Asked about Trump’s longtime personal attorney, Michael Cohen, implicating the president in a criminal conspiracy to pay hush money to two women who alleged affairs with Trump, McMaster said, “You just have to let justice take its course.”
“You ... go through the system, see that rules are applied fairly and let the results stand for themselves,” said the Republican governor, a Trump ally.
Asked if he still supports the president, McMaster replied: “I’ve supported the president from the beginning.”
McMaster, a former S.C. attorney general and former U.S. attorney, was the first statewide official to endorse Trump’s 2016 presidential bid. In return, Trump helped McMaster clinch the Republican nomination for S.C. governor in June, campaigning for McMaster in Lexington County the day before the GOP primary runoff.
As he runs for a four-year term in November against Democrat James Smith, McMaster has continued to lean heavily on his close relationship to the president.
According to Morning Consult, 54 percent of registered S.C. voters polled in June approved of the president, compared to 42 percent who disapproved.
A Winthrop University poll from April found Trump with a 46 percent approval rating among 789 S.C. residents surveyed. Among those who self-identify as Republican, Trump had strong support — an 80 percent approval rate.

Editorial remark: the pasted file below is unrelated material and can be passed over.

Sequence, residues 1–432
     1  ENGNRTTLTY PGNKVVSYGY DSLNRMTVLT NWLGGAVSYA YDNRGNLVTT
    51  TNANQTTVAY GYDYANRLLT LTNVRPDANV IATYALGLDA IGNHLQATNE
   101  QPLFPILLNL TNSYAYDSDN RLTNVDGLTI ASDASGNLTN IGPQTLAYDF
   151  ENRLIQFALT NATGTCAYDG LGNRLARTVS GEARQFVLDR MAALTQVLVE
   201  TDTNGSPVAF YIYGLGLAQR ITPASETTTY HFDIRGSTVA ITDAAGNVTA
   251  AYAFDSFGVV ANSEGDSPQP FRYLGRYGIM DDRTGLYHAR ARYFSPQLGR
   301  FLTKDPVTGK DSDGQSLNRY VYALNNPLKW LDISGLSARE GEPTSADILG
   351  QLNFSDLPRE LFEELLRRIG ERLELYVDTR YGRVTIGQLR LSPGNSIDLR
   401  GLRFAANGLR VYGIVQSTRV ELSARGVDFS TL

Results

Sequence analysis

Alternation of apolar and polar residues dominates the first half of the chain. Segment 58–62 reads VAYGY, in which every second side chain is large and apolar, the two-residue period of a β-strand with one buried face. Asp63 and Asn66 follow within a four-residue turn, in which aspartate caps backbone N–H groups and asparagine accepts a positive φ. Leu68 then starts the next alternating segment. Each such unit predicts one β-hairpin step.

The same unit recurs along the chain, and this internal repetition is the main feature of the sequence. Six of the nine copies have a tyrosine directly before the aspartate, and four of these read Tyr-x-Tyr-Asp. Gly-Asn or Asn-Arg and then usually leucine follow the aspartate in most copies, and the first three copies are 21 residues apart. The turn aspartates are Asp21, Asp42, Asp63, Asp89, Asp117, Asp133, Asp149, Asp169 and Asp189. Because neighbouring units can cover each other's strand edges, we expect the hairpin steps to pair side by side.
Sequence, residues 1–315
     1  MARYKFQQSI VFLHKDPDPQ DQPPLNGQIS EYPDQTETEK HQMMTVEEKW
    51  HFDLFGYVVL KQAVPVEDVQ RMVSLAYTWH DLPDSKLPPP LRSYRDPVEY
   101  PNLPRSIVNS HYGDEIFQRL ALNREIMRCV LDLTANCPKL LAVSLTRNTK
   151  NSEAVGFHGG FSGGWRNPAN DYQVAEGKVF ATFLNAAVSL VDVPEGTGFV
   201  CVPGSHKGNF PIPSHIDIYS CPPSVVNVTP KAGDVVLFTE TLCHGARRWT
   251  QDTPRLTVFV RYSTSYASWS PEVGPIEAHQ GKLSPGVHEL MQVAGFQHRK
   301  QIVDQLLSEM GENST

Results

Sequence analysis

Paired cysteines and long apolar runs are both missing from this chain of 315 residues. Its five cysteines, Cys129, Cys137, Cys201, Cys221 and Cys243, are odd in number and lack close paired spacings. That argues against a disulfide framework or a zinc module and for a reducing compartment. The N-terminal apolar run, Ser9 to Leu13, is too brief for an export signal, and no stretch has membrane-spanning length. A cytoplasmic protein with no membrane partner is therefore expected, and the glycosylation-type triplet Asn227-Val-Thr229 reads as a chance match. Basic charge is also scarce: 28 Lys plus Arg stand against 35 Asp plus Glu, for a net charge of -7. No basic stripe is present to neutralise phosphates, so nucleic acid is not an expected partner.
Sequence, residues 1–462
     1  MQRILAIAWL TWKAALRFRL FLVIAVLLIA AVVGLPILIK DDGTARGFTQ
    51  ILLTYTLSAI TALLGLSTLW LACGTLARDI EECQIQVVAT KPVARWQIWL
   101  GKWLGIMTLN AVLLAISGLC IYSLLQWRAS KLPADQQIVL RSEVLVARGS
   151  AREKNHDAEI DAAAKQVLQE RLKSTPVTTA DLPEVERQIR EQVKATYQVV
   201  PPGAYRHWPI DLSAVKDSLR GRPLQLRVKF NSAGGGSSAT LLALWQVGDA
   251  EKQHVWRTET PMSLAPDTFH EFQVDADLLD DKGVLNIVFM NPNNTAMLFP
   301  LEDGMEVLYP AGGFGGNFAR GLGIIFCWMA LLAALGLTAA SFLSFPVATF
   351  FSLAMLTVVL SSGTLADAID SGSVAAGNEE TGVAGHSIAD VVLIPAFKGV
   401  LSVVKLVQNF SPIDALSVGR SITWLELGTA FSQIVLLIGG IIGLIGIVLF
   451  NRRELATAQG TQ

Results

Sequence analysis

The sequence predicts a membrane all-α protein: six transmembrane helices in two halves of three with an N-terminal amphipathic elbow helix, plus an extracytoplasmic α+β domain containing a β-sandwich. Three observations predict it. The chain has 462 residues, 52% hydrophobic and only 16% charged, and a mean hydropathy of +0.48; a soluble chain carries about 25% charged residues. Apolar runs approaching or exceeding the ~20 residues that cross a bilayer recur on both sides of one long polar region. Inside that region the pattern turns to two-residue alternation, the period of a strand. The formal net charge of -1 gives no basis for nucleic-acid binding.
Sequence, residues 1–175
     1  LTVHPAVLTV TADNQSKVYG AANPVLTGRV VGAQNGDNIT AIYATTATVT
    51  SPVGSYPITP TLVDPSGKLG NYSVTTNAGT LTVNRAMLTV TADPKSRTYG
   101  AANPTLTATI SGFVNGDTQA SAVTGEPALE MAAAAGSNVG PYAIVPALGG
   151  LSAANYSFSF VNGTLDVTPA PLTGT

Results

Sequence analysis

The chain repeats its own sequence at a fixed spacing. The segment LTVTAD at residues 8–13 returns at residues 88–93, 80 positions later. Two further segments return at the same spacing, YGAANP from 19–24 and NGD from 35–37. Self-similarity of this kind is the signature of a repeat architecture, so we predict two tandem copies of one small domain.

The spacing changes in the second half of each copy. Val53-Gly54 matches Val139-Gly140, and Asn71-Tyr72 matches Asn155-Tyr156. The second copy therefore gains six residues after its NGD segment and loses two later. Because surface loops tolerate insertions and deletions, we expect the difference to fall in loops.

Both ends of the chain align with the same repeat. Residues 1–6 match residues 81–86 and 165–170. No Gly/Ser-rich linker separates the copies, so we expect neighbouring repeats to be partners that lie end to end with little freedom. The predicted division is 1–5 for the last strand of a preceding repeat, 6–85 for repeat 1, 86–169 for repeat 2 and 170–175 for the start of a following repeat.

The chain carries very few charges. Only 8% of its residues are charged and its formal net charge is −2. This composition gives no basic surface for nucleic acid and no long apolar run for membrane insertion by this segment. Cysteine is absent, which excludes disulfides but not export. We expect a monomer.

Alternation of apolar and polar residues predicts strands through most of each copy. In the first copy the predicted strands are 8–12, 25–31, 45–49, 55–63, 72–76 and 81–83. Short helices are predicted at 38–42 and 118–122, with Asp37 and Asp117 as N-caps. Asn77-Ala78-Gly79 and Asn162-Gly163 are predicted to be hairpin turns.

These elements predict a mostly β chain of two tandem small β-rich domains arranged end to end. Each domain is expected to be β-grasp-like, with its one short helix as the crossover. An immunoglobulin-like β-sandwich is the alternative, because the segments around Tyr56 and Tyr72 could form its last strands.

“His base does not care,” Winthrop University political scientist Scott Huffmon said of the Paul Manafort and Cohen cases. “It doesn’t matter what Trump does. It won’t alienate his base. (But) if this continues to have legal fallout, and James Smith ties the Trump label heavily around McMaster’s neck, then it might convince moderates not to vote for McMaster” in November.
Smith’s campaign did not respond to a request for comment.
Whether Smith uses Tuesday’s news as a cudgel against McMaster, Republicans in the state likely will use it as a rallying cry, Huffmon said.
Likely GOP voters, he said, “will feel backed into a corner and feel Trump ... is under attack for protecting them” from immigrants, terrorists and government intrusion into their lives and businesses, Huffmon said.
College of Charleston political scientist Gibbs Knotts said McMaster’s close alignment with Trump, while “smart” for the June GOP primary, could present a challenge this fall, “even in a red state.”
“Between the core Democrat support, plus independent voters, plus some suburban women who typically vote Republican but are turned off by Trump’s rhetoric, that could be a coalition” that narrowly hands Smith a victory, Knotts said.
“A Republican will still be favored” in November, he said. “But it (Tuesday) was a bad day for Trump, and it could get worse.”